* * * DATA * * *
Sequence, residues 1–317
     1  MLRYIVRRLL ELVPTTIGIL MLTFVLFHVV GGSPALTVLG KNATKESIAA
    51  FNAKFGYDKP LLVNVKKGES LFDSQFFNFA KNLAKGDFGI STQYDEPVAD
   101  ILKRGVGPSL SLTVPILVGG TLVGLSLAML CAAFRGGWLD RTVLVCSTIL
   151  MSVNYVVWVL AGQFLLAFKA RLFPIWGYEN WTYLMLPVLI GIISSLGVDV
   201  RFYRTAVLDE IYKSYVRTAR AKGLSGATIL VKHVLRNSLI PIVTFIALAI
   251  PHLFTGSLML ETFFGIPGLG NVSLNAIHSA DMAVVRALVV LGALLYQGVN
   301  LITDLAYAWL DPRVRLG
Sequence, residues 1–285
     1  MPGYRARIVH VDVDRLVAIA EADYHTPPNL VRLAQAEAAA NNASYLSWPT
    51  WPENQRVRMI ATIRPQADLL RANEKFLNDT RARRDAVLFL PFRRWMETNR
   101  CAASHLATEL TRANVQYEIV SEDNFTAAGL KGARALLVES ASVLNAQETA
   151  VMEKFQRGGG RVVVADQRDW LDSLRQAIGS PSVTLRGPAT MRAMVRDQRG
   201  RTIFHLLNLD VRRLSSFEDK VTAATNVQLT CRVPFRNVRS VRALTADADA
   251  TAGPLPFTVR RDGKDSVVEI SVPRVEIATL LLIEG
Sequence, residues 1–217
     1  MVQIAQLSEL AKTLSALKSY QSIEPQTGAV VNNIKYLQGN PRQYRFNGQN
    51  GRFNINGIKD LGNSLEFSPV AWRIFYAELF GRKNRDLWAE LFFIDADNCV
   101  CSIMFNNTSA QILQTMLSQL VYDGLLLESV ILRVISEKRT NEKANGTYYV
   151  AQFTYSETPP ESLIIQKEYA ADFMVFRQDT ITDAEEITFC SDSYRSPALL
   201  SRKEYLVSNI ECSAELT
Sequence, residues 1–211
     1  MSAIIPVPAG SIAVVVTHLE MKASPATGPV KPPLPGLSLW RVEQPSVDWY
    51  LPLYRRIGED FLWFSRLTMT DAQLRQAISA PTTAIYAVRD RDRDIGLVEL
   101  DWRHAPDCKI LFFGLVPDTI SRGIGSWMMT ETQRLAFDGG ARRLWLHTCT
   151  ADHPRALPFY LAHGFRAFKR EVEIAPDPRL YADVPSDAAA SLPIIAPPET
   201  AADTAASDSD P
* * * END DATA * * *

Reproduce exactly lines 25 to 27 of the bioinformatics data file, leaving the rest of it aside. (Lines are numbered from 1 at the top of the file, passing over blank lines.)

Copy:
   101  DWRHAPDCKI LFFGLVPDTI SRGIGSWMMT ETQRLAFDGG ARRLWLHTCT
   151  ADHPRALPFY LAHGFRAFKR EVEIAPDPRL YADVPSDAAA SLPIIAPPET
   201  AADTAASDSD P